To celebrate achievements and innovation at the University of Idaho, leaders who worked on this year’s patent awards, patent applications and executed licenses were honored this week at the Innovations Awards.
“This is a special group of people who have spent years developing a unique idea that now is protected with a patent and/or licensed to a company,” says Gaylene Anderson, licensing associate, Office of Technology Transfer (OTT).
In addition to honoring University innovators, companies that have partnered with the University to bring the research into lives of the public were also celebrated.
“Quite often we need to partner with a company to help get technologies to the next stage,” says Anderson. “You never know who will be interested in which projects and how it will take off.”
Anderson says honoring innovators with awards is just one small way to recognize the hard work and time that goes into the patent and licensing process.
“It is one of the most rigorous of peer review processes that I know of,” says Anderson.
Part of the process that makes it so difficult is making sure no one else is working on something similar and sometimes industry is not ready for the technology yet.
The OTT helps University inventors through the sometimes long and expensive application process and connects them to businesses that may want to use the patent or create a spin-off company affiliated with the University.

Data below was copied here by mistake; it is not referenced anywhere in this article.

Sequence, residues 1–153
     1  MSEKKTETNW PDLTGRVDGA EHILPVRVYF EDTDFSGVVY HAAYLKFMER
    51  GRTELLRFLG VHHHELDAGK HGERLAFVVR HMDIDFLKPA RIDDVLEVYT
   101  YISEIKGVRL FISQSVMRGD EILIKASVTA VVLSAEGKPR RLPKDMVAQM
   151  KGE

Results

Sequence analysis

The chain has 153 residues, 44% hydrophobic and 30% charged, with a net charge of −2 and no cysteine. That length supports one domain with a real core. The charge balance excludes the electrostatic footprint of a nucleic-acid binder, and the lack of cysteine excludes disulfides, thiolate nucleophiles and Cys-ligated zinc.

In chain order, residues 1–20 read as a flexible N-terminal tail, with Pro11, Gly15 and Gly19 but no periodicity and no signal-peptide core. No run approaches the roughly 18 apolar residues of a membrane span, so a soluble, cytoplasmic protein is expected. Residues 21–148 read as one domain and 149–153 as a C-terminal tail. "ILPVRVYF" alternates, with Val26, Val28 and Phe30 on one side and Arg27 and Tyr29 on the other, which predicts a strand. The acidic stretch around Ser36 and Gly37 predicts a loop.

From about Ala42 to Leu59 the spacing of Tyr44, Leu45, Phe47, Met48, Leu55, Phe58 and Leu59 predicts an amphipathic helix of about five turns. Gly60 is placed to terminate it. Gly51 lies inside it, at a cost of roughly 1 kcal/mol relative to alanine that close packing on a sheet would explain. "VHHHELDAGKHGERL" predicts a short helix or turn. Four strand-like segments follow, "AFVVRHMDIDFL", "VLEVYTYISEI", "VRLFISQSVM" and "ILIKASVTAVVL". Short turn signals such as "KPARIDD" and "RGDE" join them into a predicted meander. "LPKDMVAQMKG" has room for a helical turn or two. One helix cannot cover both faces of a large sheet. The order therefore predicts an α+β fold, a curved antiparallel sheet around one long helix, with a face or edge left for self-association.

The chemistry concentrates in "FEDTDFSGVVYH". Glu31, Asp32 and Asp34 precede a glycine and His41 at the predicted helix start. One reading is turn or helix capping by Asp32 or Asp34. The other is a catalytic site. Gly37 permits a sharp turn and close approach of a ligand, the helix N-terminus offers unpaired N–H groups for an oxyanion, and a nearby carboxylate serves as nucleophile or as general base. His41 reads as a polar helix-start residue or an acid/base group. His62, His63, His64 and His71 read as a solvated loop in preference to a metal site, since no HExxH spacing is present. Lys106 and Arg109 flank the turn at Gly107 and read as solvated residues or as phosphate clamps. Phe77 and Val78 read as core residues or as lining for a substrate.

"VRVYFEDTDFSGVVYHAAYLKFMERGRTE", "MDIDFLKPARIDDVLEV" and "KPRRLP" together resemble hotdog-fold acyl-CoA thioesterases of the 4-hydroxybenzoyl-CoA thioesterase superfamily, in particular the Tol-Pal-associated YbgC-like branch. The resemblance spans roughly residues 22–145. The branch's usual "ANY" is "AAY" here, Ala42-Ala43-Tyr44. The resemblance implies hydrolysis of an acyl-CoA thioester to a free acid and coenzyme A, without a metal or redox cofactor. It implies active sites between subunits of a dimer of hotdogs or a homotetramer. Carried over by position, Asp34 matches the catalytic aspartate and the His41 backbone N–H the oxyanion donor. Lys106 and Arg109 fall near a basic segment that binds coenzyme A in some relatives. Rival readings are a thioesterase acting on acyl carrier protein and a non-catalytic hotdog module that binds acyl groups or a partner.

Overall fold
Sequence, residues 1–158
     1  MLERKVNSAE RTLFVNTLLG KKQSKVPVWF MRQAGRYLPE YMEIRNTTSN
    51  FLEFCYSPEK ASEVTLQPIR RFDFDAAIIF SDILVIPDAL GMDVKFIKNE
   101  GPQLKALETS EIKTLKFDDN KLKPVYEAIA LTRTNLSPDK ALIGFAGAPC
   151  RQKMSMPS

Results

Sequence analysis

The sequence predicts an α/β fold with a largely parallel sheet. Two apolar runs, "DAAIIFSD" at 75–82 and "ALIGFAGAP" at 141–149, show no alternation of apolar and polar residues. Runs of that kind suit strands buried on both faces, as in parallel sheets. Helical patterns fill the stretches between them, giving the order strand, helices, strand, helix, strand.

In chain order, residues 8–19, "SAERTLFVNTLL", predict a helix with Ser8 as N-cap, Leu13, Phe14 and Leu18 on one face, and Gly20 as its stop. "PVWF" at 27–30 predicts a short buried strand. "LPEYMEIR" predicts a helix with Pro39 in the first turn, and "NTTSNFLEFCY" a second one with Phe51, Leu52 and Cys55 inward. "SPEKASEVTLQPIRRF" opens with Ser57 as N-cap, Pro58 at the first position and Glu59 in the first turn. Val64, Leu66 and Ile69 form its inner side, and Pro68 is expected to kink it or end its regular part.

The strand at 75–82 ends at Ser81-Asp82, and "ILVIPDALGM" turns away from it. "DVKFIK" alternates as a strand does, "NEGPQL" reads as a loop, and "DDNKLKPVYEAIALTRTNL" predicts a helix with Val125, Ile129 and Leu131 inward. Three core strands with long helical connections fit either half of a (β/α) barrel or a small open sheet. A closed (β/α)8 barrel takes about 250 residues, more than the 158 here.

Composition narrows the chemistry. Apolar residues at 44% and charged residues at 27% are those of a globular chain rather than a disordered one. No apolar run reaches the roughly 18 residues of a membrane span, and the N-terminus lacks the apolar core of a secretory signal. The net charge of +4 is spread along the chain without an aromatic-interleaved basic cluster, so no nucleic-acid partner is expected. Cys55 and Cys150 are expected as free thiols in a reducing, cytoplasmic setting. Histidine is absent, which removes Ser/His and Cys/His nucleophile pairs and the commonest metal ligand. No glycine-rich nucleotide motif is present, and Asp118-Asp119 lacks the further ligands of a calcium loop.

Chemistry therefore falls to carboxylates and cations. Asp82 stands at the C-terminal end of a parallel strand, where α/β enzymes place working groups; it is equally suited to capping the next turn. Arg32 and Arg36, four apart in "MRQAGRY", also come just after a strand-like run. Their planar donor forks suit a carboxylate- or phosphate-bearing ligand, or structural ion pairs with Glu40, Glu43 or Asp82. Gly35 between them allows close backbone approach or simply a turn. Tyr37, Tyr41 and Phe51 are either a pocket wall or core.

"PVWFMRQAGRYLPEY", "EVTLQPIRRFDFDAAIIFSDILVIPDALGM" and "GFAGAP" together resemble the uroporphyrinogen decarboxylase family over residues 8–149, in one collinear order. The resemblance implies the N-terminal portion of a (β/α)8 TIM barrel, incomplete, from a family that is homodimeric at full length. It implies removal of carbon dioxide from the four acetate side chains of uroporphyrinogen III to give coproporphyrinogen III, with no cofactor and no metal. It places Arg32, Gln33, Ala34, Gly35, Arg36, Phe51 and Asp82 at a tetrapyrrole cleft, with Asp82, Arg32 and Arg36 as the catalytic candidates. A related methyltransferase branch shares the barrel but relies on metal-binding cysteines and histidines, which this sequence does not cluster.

Malli Rao and Scott Wood at the Innovations Awards night.
Anderson says the application process can get pricey – $20,000 - $50,000 – and can take three to five years to finalize.
Alumnus Malli Rao ’66, who received his doctorate in organic chemistry, also was honored during the awards night for his contributions in the research field.
A native of India, Rao joined DuPont in 1973 where he worked on a variety of industrial processes, with an emphasis in the area of catalysis. His contributions have led to improved processes for the manufacture of formaldehyde, methyl isocyanate, butanediol, tetrahydrofuran and alternatives to chlorofluorocarbons.
Rao holds more than 150 issued patents and is well known nationally and internationally for his work on CFC alternatives. He was inducted into the University’s Alumni Hall of Fame in 1999. He retired from DuPont in 2005 after achieving the highest technical position available – DuPont Fellow/Distinguished Scientist.
Patents issued to University researchers this year include reactive filtration to remove contaminants from wastewater, vaccines for diseases of fish, and a method and system for recovering metal from metal containing materials.
Applications for patents this year include chemically modified potato products, a soil stabilizing process to improve building foundations and an advanced accessible pedestrian system for signalized traffic intersections.
Faculty, staff and student research will be showcased today, Friday, Nov. 12, during a public reception from 2-4 p.m. in the Idaho Commons.
To read more about the Innovations Award, visit their site: www.uidaho.edu/research/innovations/innovationaward